TrainIT uses LSP for the first time and loved it!

Our fledgling training company needed to come to agreement on our future plans, vision and goals. My assignment during my facilitator training was to design the workshop. Weeks passed without being able to find a day when everyone’s busy schedules would permit us to commit to a fun day of HARD FUN! MLK day was the opportunity and we took it. I was a participant so I was not able to facilitate the session so my classmate from the training -LSPF Joan Gammon eagerly offered to try out her new facilitation skills on a willing audience. She did awesome! It was amazing to watch her. You’d never know it was her first time.

Many of my team were skeptics coming in to the workshop, but by the time the session ended they were all converts and believers.

In designing the workshop I had two goals in mind. I wanted the company to come together to define our vision and plans for the future AND I wanted them to understand and experience LSP so they can effectively explain (and hopefully sell) the service to our customers and clients.

The day started with the basics and Joan did a great job of walking us through the first exercises. It was gratifying to see the process work as the team really leaned in and felt the power of the bricks and using their hands to build. By the end of the day we were aligned and committed to the vision, priorities and the next steps we needed to take.

We had a lot of laughs along the way and came away with both goals met and then some. Looking forward to any more workshops!

Successful Project Management Counts on a Memorable Kickoff

What are the linkages between project management and LEGO SERIOUS PLAY?

There is so much written on good project management practice (just google “why projects fail”) that it should be impossible for initiatives to fail. How many projects fail? According to the source below, only a meagre 14% of projects are successfully delivered (Source: Harvard Business Review, American Marketing Association, Arras People, the performance factory, further analysis execon partners).

Why does it happen? Among the myriad of available study results on “why projects fail”, this is my favorite graph:

Graph Major Causes of Project Failure


Lesson one of project management teaches us that every project should start by establishing clear, workable goals and give one person the ultimate ownership and accountability for meeting them – the project manager. Yes, it’s the project manager’s responsibility to make it successful, no one else’s. Despite all the training we receive on the art of project management, the above graph tells us very clearly that without great communication between relevant parties we have 57% chance of failure.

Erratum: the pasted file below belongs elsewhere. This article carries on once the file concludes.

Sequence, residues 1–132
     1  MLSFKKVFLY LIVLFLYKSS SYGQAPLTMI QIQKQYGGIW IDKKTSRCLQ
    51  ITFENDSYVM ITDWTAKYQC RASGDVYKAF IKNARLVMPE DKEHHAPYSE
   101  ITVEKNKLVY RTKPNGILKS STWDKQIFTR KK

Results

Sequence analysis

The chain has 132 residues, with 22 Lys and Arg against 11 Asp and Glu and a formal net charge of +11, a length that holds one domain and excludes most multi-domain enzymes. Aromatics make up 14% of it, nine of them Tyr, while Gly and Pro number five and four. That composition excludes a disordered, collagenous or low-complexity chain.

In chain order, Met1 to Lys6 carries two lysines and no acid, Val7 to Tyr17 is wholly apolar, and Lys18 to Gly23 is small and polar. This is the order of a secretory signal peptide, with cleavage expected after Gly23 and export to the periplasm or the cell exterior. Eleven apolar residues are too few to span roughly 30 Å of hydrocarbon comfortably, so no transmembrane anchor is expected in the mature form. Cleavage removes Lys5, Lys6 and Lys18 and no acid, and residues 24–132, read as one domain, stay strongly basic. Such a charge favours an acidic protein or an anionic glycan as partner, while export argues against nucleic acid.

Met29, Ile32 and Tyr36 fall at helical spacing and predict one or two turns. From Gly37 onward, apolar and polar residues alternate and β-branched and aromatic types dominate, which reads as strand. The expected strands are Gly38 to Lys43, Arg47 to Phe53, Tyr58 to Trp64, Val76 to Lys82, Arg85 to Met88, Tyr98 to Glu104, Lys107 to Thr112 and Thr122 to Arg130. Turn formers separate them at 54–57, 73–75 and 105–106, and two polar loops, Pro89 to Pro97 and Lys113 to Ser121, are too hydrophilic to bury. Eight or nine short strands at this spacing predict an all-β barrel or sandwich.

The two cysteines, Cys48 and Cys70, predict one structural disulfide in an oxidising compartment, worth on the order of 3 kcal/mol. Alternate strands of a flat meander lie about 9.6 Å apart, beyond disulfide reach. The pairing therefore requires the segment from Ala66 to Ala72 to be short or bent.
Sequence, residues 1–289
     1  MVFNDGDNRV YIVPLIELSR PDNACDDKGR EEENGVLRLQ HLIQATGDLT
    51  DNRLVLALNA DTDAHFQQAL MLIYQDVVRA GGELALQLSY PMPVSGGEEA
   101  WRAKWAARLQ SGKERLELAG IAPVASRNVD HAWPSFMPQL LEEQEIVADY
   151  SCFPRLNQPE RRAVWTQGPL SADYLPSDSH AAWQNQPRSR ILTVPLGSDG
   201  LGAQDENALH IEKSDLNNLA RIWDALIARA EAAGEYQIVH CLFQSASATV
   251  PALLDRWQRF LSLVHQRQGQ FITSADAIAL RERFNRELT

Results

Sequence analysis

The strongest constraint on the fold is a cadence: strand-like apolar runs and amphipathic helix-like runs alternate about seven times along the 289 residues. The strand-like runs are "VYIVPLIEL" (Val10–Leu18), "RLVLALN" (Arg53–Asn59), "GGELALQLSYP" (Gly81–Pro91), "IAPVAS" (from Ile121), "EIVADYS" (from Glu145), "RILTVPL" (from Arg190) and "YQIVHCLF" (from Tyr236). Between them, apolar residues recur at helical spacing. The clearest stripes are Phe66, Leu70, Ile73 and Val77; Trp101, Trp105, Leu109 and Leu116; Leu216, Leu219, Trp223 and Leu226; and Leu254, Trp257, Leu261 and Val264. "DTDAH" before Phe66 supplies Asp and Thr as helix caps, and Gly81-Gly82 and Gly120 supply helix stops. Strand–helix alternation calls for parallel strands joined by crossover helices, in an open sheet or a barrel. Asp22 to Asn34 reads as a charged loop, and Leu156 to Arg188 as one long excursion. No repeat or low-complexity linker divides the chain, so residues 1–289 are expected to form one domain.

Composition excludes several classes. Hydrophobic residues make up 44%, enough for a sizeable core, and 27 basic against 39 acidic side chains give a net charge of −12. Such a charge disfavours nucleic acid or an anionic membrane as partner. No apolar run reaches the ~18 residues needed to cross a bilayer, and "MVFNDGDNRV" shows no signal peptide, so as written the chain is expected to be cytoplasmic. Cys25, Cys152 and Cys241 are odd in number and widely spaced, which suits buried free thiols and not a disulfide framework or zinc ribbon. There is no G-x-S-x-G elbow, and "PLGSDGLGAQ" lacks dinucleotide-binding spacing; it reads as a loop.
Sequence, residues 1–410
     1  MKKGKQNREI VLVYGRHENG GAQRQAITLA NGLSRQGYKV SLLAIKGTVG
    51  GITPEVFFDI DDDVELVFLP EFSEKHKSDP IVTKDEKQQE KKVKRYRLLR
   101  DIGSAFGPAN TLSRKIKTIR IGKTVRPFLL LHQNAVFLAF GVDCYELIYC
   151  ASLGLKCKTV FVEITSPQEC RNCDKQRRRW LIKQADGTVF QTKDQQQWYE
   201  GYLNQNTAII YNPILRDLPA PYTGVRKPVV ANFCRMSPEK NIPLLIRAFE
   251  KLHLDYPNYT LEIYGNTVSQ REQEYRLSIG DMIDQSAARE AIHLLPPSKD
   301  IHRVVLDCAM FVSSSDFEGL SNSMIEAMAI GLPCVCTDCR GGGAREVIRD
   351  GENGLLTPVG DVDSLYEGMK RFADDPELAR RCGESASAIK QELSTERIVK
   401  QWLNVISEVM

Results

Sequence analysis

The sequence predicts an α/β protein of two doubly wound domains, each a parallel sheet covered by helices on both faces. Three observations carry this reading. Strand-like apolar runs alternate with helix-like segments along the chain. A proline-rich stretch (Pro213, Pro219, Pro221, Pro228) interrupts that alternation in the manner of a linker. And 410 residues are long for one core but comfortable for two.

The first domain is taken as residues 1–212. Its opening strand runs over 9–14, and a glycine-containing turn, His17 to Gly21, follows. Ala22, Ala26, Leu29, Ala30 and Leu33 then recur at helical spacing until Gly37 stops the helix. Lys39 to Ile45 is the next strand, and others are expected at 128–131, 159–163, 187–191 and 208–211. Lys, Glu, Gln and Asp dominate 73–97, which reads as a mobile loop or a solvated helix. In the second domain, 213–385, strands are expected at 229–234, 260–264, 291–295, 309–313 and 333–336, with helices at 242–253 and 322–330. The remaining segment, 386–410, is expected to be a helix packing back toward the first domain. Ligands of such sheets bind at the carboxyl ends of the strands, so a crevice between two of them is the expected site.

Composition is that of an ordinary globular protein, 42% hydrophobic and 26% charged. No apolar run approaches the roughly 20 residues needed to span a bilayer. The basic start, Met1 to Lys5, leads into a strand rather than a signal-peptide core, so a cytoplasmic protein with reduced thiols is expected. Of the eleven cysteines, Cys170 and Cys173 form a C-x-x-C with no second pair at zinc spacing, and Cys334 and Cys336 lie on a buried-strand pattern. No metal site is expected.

Robert Goatham – principal at Calleam Consulting Ltd. – states …the causes of [projects’] failure can be viewed at a number of different levels…”, making itnecessary to distinguish between just symptoms and the root causes. As Robert’s diagram shows (see below), we do not find “hard” causes at the root of project failure. Let me explain what I mean. Continue reading


Last year Strategic Play in the Americas worked together with a small group called “I AM ANTI BULLY” to encourage families to talk about the important topic of bullying. We made this short educational video to capture the event and help others understand how we used the powerful LEGO® SERIOUS PLAY® materials and methodology with a cross section group of community members. We would like to encourage other Certified LEGO® SERIOUS PLAY® facilitators to offer workshops in their communities. Read more here:–3333.asp

Prototyping Mental Models with Lego Serious Play for Agile

Ben Linders wrote this interesting post on InfoQ website about the combination of LEGO SERIOUS PLAY and Agile.

People can tell stories and express themselves when trying to solve complex problems using Lego. Jens Hoffmann facilitated the session “Prototyping an Agile Culture with LEGO® SERIOUS PLAY®” at the GOTO Berlin 2015 conference. The attendants divided themselves into teams of 5 people or less. For the first exercise the attendants had to build a bridge with a mini figure on top of it. Next the attendants had to introduce them selves, using the bridge that they have just build. In this way they practiced telling stories with Lego.

Continue reading here …

LEGO® SERIOUS PLAY® with Remote Team Members

Jason Little of LeanIntuit wrote an interesting blog post about how to manage a LEGO SERIOUS PLAY session remotely. Find out how you can carry out a LEGO SERIOUS PLAY session when participants are 2200 kilometres away!

LEGO® SERIOUS PLAY® (LSP) helps people express their ideas through deep, meaningful conversations. In an LSP session, people work together to build models but how can they do that if one team member is 2200 kilometres away? There’s only one way to find out! The client’s head office is in Toronto and there was one person working remotely in Winnipeg. No pun intended! I shipped her a kit and she joined via iPad. She paired up with someone in the room during each debrief.

Continue reading

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